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TheCarConnection.com has researched all the latest road tests and reviews of the 2009 Dodge Viper to bring the most useful excerpts. Plus, experts from TheCarConnection.com have driven the Viper and bring you their expert opinions right here, so you can make a smart car-buying decision.
- Bold, brash styling
- Formidable power
- Buttoned-down handling
- Blindingly fast
- Doesn't like driving slowly
- Uncivilized interior
- Loud and rough driving experience
The 2009 Dodge Viper has a lot to offer sportscar fanatics. With harsher CO2 and fuel economy regulations coming into play, as well as uncertain corporate futures, however, it may not be long for this world.
The Viper has always been more of a morale-booster than a practical ride—it’s been the stuff of dreams for countless teenagers over the years. Its long, curvy hood and bubble-shaped roofline still look the part. Changes to the Viper's outward appearance are minor overall, as the vehicle continues to benefit from a slight redesign in 2008. At that time, it got a larger hood scoop for better induction and aggressive-looking louvers for improved cooling.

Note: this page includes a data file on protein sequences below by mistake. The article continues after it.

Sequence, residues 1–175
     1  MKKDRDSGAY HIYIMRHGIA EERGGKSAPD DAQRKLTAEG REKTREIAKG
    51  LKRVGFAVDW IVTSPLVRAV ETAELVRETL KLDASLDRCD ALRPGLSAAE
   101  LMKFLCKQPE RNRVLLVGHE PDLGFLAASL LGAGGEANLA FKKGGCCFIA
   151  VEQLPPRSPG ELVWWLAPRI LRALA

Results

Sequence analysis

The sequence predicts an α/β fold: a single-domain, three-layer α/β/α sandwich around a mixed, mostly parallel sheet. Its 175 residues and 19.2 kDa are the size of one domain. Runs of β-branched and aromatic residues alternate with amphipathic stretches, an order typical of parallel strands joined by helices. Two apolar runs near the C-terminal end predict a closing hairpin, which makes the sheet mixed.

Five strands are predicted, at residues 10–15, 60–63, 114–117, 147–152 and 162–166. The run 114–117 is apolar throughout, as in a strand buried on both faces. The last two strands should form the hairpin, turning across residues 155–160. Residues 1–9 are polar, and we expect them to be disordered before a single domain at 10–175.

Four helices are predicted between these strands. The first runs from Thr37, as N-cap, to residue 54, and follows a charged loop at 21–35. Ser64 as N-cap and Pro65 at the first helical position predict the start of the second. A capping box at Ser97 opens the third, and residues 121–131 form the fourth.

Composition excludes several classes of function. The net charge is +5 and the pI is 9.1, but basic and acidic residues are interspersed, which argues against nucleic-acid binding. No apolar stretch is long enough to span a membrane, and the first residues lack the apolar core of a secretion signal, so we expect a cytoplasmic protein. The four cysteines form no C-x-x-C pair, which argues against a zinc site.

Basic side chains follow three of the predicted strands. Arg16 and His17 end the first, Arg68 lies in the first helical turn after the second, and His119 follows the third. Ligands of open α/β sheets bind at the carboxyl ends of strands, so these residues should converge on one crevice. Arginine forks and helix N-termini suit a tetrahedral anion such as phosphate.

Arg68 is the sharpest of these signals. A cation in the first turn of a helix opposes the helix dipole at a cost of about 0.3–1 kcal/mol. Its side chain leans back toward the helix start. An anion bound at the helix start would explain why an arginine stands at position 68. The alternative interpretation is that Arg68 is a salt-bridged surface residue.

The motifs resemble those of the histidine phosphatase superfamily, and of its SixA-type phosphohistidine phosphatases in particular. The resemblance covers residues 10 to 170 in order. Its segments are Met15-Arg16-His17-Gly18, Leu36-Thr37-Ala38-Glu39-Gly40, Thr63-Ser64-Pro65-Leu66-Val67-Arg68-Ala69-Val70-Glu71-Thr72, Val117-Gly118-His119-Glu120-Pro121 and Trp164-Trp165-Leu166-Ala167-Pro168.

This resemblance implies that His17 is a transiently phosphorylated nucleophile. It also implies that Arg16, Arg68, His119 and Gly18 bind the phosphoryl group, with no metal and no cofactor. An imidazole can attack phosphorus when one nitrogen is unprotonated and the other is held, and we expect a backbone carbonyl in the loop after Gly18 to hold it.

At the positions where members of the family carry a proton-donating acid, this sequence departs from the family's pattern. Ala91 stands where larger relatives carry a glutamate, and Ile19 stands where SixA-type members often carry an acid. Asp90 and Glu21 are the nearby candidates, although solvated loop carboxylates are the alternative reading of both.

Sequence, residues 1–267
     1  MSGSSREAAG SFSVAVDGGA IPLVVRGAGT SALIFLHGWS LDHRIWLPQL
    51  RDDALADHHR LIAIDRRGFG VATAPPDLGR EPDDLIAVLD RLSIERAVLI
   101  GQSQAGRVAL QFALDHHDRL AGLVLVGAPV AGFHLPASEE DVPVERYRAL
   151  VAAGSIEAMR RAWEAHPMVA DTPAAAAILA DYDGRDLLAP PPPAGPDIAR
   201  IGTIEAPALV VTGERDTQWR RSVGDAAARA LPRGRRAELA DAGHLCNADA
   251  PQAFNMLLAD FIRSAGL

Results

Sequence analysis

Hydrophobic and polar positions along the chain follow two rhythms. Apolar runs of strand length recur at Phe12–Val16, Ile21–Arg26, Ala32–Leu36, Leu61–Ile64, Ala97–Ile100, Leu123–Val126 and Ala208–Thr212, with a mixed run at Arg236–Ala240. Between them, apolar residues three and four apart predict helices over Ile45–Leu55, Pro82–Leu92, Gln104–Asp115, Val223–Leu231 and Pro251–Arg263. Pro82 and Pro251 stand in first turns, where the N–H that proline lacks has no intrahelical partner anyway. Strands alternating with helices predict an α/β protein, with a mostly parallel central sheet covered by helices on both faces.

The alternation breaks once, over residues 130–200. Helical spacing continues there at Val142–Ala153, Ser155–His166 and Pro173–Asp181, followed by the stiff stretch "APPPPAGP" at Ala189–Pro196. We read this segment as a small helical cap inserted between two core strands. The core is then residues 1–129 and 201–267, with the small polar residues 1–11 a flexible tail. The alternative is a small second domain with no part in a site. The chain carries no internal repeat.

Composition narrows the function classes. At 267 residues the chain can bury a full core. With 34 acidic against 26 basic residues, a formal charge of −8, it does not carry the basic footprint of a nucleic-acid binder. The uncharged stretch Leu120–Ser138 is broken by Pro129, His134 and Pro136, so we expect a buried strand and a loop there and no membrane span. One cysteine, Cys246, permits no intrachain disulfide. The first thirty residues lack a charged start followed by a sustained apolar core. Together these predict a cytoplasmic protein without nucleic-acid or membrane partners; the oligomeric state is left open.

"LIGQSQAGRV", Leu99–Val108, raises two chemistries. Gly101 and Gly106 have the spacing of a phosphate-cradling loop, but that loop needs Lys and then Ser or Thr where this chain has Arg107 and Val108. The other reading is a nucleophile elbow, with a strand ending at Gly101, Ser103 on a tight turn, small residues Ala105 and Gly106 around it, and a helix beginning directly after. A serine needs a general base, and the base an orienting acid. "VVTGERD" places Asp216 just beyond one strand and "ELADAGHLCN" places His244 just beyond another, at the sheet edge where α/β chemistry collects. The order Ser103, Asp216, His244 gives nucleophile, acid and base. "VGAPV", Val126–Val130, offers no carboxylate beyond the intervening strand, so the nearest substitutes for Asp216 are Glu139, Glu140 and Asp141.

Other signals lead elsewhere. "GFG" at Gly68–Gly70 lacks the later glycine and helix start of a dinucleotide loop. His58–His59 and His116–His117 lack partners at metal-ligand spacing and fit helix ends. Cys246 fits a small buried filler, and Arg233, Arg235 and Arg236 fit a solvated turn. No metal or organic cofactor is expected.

Just last year, for 2008, the Viper’s V-10 engine was pushed out to a super-sized 8.4 liters, for 600 horsepower and 560 pound-feet of torque; it trimmed the 0-60-mph time to well under 4 seconds. For 2009, the Dana rear axle of the Dodge Viper picks up a new speed-sensing, limited-slip differential for better traction. To match the engine, the 2009 Dodge Viper has a new six-speed manual with a wider range of ratios, improved synchros, and reduced shift-knob travel.
Thanks to Brembo dual opposing-piston calipers front and back, the 2009 Dodge Viper can now brake from 60 mph to a stop in less than 100 feet, and go from zero to 100 and back to zero in just over 12 seconds.
While those numbers are all amazing, the Viper isn’t as much of a thrill to drive in traffic on the daily commute. The gearbox, which feels just right on the track, comes across as stiff and somewhat clunky on the street; the ratios of the gearbox are also tall, meaning that when you're driving around your neighborhood, you'll probably be in second gear as opposed to trolling streets in fourth as you might in more mundane cars. The big V-10, which smoothes out and develops an off-beat growl on hard acceleration, is lumpy at partial throttle, adding to the rough experience when moving slowly with traffic. On the street, the Viper's suspension feels stiff and bouncy, but at the track, these settings enable the chassis to put all of the Viper's power to the pavement. Catch the theme? Drive the 2009 Dodge Viper daily and you’ll need a chiropractor, but it sure is fun for track day.